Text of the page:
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RBM,
I have 220 volts at the t-stat and the upper element. I removed the upper element earlier today to check its condition and continuity and it was fine.
Thanks,
Craig

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Forget the thermostat. There are two terminals on the element. When you test across those two terminals, do you get 240 volts?

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Yup.
cm

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It would be good if you had an ammeter, which would tell you if there is any current flowing. I had a situation one time very similar to yours. The wires in the heater go from the junction box on top of the heater through foam insulation to the upper thermostat. One of the two wires burned in half imbedded in the foam insulation. Through the moisture and carbonized copper I got a 240 volt reading at the upper thermostat and element, but the element of course wouldn't heat. Barring a bad meter, I would try to physically check the condition of the wires inside the heater

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RBM,
I will check them in the morning.
I just got off the phone with the home owner and she says there is a warm spot on the vinyl covered concrete floor near her kitchen sink. I think she may have a leaking hot water pipe under the slab. I'll check all this out in the morning.
Thanks so much,
cm

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Another thing CM, we out here in the ether, have no idea of how you are testing . Like Dr. Hardcrab said. you could be testing each terminal to ground and getting 120 volts on each, multiply that time 2, you get 240

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I am testing across the terminal - not to ground so I am getting 220 volts on my digital meter. I will also take a back up meter tomorrow.
If it is fact an under slab leak the water could just be running through the water heater and not sitting long enough to heat. Should be easy to check.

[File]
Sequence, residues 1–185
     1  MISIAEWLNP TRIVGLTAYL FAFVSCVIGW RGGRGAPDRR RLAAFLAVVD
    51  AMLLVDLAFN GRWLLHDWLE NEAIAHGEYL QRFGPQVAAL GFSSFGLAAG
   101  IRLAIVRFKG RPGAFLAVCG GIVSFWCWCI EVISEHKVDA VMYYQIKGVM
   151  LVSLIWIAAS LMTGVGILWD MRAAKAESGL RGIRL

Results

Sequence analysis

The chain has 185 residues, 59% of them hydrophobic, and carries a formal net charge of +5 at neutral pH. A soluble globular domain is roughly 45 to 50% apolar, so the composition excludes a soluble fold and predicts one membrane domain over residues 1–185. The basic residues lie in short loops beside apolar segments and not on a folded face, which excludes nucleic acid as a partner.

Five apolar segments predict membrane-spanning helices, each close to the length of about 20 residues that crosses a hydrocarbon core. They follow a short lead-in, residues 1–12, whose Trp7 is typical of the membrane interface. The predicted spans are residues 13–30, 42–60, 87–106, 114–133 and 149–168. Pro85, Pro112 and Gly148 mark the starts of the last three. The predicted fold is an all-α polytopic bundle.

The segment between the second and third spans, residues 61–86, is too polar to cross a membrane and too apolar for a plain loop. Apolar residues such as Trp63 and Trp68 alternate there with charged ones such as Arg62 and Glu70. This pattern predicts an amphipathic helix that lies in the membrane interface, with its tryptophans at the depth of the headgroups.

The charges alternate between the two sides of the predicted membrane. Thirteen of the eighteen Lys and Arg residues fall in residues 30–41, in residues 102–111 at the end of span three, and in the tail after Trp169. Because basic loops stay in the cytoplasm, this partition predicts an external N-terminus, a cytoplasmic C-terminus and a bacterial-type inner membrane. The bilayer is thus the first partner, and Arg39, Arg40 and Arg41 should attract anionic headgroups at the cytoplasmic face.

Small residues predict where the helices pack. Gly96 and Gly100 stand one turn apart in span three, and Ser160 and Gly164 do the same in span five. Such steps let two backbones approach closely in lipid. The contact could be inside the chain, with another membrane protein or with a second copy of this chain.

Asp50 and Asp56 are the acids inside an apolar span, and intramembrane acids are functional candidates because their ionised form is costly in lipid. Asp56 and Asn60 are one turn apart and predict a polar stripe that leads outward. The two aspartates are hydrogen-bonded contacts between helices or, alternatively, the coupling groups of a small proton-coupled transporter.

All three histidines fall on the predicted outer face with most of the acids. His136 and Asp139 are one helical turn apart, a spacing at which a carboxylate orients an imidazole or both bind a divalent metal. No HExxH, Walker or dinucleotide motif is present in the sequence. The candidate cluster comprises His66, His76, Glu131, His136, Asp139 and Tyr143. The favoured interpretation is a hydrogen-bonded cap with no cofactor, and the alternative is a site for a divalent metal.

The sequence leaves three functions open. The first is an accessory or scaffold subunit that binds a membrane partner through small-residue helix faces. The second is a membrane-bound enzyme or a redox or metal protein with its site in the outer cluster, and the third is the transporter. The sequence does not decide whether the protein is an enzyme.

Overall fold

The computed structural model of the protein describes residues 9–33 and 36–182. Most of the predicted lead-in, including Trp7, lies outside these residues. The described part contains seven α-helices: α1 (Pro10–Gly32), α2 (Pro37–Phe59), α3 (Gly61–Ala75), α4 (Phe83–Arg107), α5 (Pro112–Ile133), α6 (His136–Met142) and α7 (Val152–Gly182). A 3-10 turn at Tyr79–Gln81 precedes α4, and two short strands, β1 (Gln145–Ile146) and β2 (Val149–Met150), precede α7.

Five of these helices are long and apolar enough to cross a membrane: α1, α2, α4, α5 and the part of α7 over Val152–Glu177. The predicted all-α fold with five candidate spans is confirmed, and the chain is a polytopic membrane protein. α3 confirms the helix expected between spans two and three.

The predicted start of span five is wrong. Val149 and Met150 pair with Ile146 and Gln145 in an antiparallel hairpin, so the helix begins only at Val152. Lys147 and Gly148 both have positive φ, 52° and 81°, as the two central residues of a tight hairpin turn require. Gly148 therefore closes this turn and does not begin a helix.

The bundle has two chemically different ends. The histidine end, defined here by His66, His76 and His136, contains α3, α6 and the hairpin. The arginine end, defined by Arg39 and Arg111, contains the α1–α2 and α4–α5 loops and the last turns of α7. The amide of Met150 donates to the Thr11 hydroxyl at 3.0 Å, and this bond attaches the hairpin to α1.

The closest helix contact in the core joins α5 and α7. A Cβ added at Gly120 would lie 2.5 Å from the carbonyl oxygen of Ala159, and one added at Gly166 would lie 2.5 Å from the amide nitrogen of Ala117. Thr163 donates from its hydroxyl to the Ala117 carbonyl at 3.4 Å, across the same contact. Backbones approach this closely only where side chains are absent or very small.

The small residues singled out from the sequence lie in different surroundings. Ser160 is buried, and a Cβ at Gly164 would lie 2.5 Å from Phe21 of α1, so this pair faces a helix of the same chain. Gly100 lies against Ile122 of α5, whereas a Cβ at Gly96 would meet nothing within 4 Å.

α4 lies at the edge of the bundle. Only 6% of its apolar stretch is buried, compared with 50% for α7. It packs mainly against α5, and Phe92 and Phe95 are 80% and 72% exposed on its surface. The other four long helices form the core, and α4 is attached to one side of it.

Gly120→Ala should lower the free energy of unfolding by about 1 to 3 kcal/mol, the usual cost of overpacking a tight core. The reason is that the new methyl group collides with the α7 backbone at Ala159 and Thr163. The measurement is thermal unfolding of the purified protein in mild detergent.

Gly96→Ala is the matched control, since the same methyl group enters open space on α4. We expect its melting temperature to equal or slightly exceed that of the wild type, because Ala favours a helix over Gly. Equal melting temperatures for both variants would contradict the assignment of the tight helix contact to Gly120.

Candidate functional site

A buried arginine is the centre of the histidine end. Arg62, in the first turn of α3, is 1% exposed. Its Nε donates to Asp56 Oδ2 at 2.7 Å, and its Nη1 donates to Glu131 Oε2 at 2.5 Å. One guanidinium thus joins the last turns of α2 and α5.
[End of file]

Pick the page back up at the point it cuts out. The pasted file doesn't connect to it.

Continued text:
cm

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A leak under the slab is a common cause of all of your symptoms. The warm spot on the floor is a sure sign. If at all feasible, replace under-slab plumbing with plumbing above the slab.
Don Young
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When you check the voltage, what kind of meter are you using? Are you testing it with it connected to the heating element and with the thermostat calling for heat?
Have you checked power to the lower thermostat?
--
Joseph Meehan

Dia \'s Muire duit
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Joseph,
I am using a Greenlee multimeter (digital) and have only tested voltage with the wires connected to the element as well as the thermostat and it shows 220 volts at the upper thermostat and the upper heating element and no power to the lower thermostat or lower element. I assume the upper thermostat is calling for heat since the tank is not hot. The top thermostat is not sending power to the lower since upper thermostat is not satisfied.
I am going to check the voltage coming into the water heater with the wires disconnected tomorrow and will do the same to the wires that go to the upper element. I will also check the water meter and see if it is spinning with all faucets shut off to see if there is a possibility of an under slab pipe leak.
Thanks for your help on this,
Craig